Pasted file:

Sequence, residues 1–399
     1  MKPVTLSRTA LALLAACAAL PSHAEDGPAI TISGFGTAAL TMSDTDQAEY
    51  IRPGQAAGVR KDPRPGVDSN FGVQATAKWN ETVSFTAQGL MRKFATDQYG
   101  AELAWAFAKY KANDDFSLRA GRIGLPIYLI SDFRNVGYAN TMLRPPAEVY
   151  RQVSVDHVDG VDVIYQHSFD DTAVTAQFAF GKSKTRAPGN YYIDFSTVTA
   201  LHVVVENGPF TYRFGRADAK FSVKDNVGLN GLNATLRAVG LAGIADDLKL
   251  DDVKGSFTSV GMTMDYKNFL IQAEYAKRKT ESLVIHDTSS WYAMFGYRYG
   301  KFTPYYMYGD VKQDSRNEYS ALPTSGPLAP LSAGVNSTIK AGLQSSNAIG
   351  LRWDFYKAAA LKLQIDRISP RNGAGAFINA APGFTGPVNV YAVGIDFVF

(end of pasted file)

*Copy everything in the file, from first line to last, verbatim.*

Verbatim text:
Sequence, residues 1–399
     1  MKPVTLSRTA LALLAACAAL PSHAEDGPAI TISGFGTAAL TMSDTDQAEY
    51  IRPGQAAGVR KDPRPGVDSN FGVQATAKWN ETVSFTAQGL MRKFATDQYG
   101  AELAWAFAKY KANDDFSLRA GRIGLPIYLI SDFRNVGYAN TMLRPPAEVY
   151  RQVSVDHVDG VDVIYQHSFD DTAVTAQFAF GKSKTRAPGN YYIDFSTVTA
   201  LHVVVENGPF TYRFGRADAK FSVKDNVGLN GLNATLRAVG LAGIADDLKL
   251  DDVKGSFTSV GMTMDYKNFL IQAEYAKRKT ESLVIHDTSS WYAMFGYRYG
   301  KFTPYYMYGD VKQDSRNEYS ALPTSGPLAP LSAGVNSTIK AGLQSSNAIG
   351  LRWDFYKAAA LKLQIDRISP RNGAGAFINA APGFTGPVNV YAVGIDFVF